Tuesday, July 11, 2006

Problems With Broad Coronary Calcium Screening?

I read with interest a Forbes article from yesterday advocating large scale screening all males ≥45years and females ≥55years, except those defined as very-low-risk, with coronary calcium scanning or carotid ultrasound to detect subclinical atherosclerosis that was introduced by a relative newcomer to the heart disease prevention scene - the Association of the Eradication of Heart Attack. Their program is called the "SHAPE" initiative - "Screening for Heart Attack Prevention and Education." The article quoted was this on from the American Journal of Cardiology and represents work by some of the best and brightest in the field. Even Valentin Fuster, MD said of the SHAPE intiative:

It is a pleasure to forward this editorial note on the SHAPE Task Force report. The contributors to the SHAPE initiative must be congratulated for their original, ambitious, and provocative approach to the number one problem in the cardiovascular field, affecting millions of lives annually.
Provocative, indeed. A very polite critique was offered on this screening approach by Daniel DeNoon of WebMD with inciteful commentary by Eric J. Topol, MD. It is important to realize that calcium scoring has been controversial in cardiology because it uses forms of CT scanning that expose patients to high doses of radiation (average 82 mrem for men and a whopping 150 mrem for women - for comparison a 2-view chest x-ray is about 10 mrem and a 2 view mamogram is about 35 mrem), and have been marketed directly to the patient-consumer without federal support (i.e., Medicare reimbursement) for its clinical utility, and hence has been viewed by many as a technology to line certain imaging physicians' pockets. Could a financial incentive be happening with the latest initiative?

First of all, the Association of the Eradication of Heart Attacks (AEHA.org) was founded by Morteza Naghavi, MD, of the Texas Heart Institute (and carries its official address as 2472 Bolsover Dr, Suite 439, Houston, TX) which also happens to be nearly the same address as Endothelix, Inc. - with its official address of 2472 Bolsover Dr, Suite 439C, Houston, TX - which Mr. Naghavi also founded and owns shares in as well. Endothelix specializes in Digital Thermal Monitoring technology for the early diagnosis of "vulnerable plaque" in coronary disease. Interestingly, Dr. Naghavi's "Association" also seems interested in promoting intravascular ultrasound as a screening tool for carotid plaque and owns shares of Volcano Corporation - that happens to have a member of its board (S. Ward Casscells, MD) from the Texas Heart Institute where Dr. Naghavi works. Dr. Naghavi also has a number of patents in this area of calcium scoring. Now, given all this that I could find on the internet - are we really ready to advise this screening without prospective, randomized trials of its safety or efficacy (especially in terms of long-term cancer risk to our patients)? Or are we willing to repeat a scenario similar to the one we saw recently here in Chicago when doctors with financial interests in ultrafiltration for heart failure were recommending this therapy for their patients or the scenario reported regarding the financial ties between the Cleveland Clinic and Atricure?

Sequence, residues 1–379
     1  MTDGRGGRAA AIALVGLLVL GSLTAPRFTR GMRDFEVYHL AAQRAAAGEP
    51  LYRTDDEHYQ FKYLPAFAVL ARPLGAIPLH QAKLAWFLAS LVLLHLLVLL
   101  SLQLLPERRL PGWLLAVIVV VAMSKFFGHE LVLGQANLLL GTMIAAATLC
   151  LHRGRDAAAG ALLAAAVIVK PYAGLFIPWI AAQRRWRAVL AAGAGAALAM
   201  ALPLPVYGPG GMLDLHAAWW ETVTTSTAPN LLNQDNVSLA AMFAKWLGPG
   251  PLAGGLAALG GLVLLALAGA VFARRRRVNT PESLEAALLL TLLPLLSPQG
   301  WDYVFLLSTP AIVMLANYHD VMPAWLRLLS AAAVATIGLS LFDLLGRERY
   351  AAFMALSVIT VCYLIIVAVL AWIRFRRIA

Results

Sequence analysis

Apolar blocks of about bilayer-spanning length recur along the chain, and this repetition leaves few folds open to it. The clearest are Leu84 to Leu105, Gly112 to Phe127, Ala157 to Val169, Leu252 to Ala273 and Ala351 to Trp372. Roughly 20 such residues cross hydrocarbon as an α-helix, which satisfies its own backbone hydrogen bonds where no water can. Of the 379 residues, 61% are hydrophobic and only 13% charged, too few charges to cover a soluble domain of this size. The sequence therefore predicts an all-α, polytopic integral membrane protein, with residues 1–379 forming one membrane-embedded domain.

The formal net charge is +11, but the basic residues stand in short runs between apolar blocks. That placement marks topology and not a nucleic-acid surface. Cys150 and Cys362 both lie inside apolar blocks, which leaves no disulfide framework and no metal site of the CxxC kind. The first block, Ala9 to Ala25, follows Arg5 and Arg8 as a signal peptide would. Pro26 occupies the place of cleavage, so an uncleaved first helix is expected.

Now don't get me wrong - I appreciate the doctors' willingness to disclose their ties to the companies involved. But before we adopt such broad, sweeping recommendations and make them part of policy recommendations that affect the entire US population, we must remove all potential financial conflicts of interests from the recommending body, have a better understanding of the real outcomes and costs imposed when a scan or ultrasound is found to be "positive," and be damn sure the side effects of such scanning (in terms of life-time carcinogenesis) doesn't create new public health problems (analogous to the days when radiation was used to treat acne).



Anonymous said...

You seem to be suggesting that other entities, such as the American Heart Association and/or the American College of Cardiology, which typically recommend guidelines (and that's all any guideline is -- a recommendation) do not have financial relationships with pharmaceutical companies. That, of course, is ridiculous. Together, those two organizations receive tens of millions of dollars annually from pharmaceutical companies. And thank goodness! That money fuels much of the good works that are making an enormous difference in the battle against heart disease. However, to suggest that a $50,000 one-time grant somehow compromises the SHAPE Task Force -- an group of esteemed cardiologists and researchers -- and casts doubt on its recommendations is extremely insulting and wrong.

DrWes said...

While I am in TOTAL agreement that the AHA and ACC receive lots of money from pharmaceutical companies, the conflicts of interests that I disclose on this post were not disclosed to the casual reader, and in my view, I felt they should have been. I am in no way discrediting the expertise of the individuals who make these recommendations, but to have such sweeping "guidelines" that stand to financially benefit those who recommend them and have potential downsides (like the risk of radiation - 64 slice CT scans have WAY more radiation than those I mention for EBCT), should be part of public record and clearly disclosed and peer-reviewed. Eric Topol, MD, another esteemed cardiologist whom I reference, had similar concerns.